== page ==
20 000 individuals will be randomised to a primary screening colonoscopy and 60 000 to take a feces test for occult blood (FIT) and if positive (10% of individuals) they will be offered a follow-up colonoscopy.
No Intervention: Controls
120 000 matched persons will be identified in the Swedish Register of the total population and will be used as controls.

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Information from the National Library of Medicine

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Ages Eligible for Study:   59 Years to 62 Years   (Adult)
Sexes Eligible for Study:   All
Accepts Healthy Volunteers:   No

Inclusion Criteria:

  • People 59-62 years old living in Sweden randomized and identified through the Register of the total population.

Exclusion Criteria:

  • Residents of the counties of Stockholm, Gotland and Västernorrland, individuals with diagnosed with colorectal cancer and/or anal cancer, and individuals randomized to be included in the ongoing NordICC-trial.
  Contacts and Locations
Information from the National Library of Medicine

To learn more about this study, you or your doctor may contact the study research staff using the contact information provided by the sponsor.

Please refer to this study by its ClinicalTrials.gov identifier (NCT number): NCT02078804

Sponsors and Collaborators
Uppsala University Hospital
Swedish Association of Local Authorities and Regions
Principal Investigator: Rolf Hultcrantz, Professor Karolinska Institutet, Stockholm, Sweden
  More Information

Cancer register: http://www.socialstyrelsen.se/register/halsodataregister/cancerregistret/inenglish: National Board of Health and Welfare; [cited 2014 February].
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Winawer SJ, Zauber AG, Ho MN, O'Brien MJ, Gottlieb LS, Sternberg SS, Waye JD, Schapiro M, Bond JH, Panish JF, et al. Prevention of colorectal cancer by colonoscopic polypectomy. The National Polyp Study Workgroup. N Engl J Med. 1993 Dec 30;329(27):1977-81.
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Thiis-Evensen E, Hoff GS, Sauar J, Langmark F, Majak BM, Vatn MH. Population-based surveillance by colonoscopy: effect on the incidence of colorectal cancer. Telemark Polyp Study I. Scand J Gastroenterol. 1999 Apr;34(4):414-20.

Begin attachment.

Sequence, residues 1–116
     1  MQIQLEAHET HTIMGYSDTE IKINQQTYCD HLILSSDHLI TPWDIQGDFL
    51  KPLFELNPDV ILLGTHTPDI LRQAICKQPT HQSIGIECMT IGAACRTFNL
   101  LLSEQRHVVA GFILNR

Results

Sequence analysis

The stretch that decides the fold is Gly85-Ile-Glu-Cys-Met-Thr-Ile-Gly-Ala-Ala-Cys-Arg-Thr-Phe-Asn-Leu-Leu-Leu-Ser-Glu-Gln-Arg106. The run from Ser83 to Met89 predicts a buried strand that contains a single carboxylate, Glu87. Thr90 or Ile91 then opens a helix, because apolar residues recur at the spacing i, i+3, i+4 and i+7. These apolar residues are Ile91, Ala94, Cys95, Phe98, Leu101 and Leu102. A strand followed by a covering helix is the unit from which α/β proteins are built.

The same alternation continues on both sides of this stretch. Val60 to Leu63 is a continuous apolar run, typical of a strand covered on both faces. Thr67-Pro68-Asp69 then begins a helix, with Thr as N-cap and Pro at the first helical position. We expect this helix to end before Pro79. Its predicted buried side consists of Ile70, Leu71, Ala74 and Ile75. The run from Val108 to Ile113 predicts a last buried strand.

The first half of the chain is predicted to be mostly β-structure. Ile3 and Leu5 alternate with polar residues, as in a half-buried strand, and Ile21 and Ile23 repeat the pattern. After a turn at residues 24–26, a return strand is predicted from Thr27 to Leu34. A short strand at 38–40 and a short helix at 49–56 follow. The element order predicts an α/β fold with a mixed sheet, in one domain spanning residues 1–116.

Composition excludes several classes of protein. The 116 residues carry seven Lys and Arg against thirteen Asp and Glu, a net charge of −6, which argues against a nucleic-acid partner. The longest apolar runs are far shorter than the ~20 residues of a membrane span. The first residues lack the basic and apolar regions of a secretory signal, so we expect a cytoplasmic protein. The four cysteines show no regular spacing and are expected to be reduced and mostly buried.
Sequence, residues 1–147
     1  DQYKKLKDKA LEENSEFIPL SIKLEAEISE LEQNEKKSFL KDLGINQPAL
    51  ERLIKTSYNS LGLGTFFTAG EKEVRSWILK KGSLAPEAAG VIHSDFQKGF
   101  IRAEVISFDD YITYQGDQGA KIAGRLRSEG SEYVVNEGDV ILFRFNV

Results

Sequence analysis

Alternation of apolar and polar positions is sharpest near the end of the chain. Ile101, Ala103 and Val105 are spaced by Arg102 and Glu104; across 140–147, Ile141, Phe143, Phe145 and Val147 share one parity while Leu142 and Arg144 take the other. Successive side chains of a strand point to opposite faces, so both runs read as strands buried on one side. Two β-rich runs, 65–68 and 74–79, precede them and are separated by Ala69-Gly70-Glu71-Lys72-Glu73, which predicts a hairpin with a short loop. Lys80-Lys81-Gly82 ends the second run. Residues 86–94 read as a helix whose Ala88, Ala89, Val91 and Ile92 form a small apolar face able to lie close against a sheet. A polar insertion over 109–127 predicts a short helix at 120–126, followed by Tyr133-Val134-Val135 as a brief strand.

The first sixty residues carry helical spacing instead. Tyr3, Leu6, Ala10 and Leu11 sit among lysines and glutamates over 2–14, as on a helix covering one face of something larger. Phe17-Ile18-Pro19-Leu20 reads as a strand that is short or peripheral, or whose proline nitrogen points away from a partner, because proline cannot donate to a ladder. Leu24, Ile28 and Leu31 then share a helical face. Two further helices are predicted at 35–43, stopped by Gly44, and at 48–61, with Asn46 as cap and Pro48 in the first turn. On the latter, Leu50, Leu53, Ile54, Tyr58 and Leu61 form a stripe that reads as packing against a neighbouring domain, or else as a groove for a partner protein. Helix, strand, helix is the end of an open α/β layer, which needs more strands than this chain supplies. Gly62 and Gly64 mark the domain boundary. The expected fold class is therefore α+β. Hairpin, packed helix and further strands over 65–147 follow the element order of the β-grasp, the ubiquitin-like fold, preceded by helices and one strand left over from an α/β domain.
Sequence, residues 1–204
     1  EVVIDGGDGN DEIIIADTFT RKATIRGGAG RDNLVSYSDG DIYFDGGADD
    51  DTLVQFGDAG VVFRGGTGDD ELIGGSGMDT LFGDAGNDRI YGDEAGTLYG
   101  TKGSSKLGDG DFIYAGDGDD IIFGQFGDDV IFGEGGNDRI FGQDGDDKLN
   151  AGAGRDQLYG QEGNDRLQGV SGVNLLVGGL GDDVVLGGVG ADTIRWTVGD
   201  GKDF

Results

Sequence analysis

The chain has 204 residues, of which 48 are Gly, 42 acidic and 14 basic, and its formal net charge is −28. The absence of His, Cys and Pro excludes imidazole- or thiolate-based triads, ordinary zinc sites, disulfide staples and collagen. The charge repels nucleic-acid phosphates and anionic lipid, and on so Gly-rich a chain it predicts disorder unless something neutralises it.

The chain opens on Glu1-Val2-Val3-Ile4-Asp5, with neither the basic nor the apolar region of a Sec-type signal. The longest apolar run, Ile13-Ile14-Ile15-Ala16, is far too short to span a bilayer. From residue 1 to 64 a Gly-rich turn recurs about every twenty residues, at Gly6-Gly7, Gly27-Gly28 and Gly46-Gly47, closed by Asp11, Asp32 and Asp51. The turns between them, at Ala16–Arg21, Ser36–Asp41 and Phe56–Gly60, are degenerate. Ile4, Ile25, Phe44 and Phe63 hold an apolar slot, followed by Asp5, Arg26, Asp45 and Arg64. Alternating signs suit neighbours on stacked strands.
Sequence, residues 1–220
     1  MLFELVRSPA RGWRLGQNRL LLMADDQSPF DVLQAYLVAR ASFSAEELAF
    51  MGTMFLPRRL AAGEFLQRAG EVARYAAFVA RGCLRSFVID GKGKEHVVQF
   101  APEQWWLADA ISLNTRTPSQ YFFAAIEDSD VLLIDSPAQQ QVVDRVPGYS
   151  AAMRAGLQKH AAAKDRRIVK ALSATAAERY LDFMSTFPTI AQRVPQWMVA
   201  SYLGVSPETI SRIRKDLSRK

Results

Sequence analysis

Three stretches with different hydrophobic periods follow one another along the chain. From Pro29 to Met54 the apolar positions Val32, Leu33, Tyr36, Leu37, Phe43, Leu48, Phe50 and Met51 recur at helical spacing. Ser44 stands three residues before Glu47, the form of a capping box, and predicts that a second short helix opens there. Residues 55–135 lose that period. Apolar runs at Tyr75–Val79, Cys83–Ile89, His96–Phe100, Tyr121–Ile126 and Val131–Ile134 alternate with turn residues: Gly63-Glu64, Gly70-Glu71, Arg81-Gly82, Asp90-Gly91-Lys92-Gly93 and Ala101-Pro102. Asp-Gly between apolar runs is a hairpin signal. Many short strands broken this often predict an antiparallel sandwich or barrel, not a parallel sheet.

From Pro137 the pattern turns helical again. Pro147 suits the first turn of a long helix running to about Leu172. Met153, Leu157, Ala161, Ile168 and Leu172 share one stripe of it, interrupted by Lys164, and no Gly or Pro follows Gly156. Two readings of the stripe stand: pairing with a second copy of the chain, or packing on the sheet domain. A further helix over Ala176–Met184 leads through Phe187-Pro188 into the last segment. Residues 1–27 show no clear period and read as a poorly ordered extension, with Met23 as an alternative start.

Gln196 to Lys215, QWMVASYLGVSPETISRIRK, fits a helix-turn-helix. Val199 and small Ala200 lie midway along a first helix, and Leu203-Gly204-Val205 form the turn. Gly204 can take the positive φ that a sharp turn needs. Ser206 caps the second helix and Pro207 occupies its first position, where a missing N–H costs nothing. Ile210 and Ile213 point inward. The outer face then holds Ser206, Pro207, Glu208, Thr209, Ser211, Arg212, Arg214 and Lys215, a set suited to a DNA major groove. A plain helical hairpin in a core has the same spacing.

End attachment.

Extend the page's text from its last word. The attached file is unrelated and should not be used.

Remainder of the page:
Armitage N. Screening for cancer. In: Morris D, Kearsley, J, Williams, C, editor. Cancer: a comprehensive clnical guide. pp 9-20. U.K.: Taylor and Francis Ltd 1997.
Mandel JS, Bond JH, Church TR, Snover DC, Bradley GM, Schuman LM, Ederer F. Reducing mortality from colorectal cancer by screening for fecal occult blood. Minnesota Colon Cancer Control Study. N Engl J Med. 1993 May 13;328(19):1365-71. Erratum in: N Engl J Med 1993 Aug 26;329(9):672.
Kronborg O, Fenger C, Olsen J, Jørgensen OD, Søndergaard O. Randomised study of screening for colorectal cancer with faecal-occult-blood test. Lancet. 1996 Nov 30;348(9040):1467-71.
Hardcastle JD, Chamberlain JO, Robinson MH, Moss SM, Amar SS, Balfour TW, James PD, Mangham CM. Randomised controlled trial of faecal-occult-blood screening for colorectal cancer. Lancet. 1996 Nov 30;348(9040):1472-7.
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Register of the total population: https://http://www.skatteverket.se/download/18.2b543913a42158acf80003761/1386594730871/Allm%C3%A4nBeskrivning.pdf: Swedish tax agency; [cited 2014 February].
von Karsa L, Patnick J, Segnan N. European guidelines for quality assurance in colorectal cancer screening and diagnosis. First Edition--Executive summary. Endoscopy. 2012 Sep;44 Suppl 3:SE1-8. Epub 2012 Sep 25.
Rembacken B, Hassan C, Riemann JF, Chilton A, Rutter M, Dumonceau JM, Omar M, Ponchon T. Quality in screening colonoscopy: position statement of the European Society of Gastrointestinal Endoscopy (ESGE). Endoscopy. 2012 Oct;44(10):957-68. doi: 10.1055/s-0032-1325686. Epub 2012 Sep 17.
Patient register: http://www.socialstyrelsen.se/register/halsodataregister/patientregistret/inenglish: National Board of Health and Welfare; [cited 2014 February].
Causes of Death register: http://www.socialstyrelsen.se/register/dodsorsaksregistret: National Board of Health and Welfare; [cited 2014 February].

Responsible Party: Rolf Hultcrantz, Professor, Karolinska Institutet
ClinicalTrials.gov Identifier: NCT02078804     History of Changes
Other Study ID Numbers: 2012/2058- 31/3
First Submitted: February 11, 2014
First Posted: March 5, 2014
Last Update Posted: December 22, 2016
Last Verified: November 2016
Individual Participant Data (IPD) Sharing Statement:
Plan to Share IPD: No

Keywords provided by Rolf Hultcrantz, Karolinska Institutet:
Colorectal cancer

Additional relevant MeSH terms:
Colorectal Neoplasms
Intestinal Neoplasms
Gastrointestinal Neoplasms
Digestive System Neoplasms
Neoplasms by Site
Digestive System Diseases
Gastrointestinal Diseases
Colonic Diseases
Intestinal Diseases
Rectal Diseases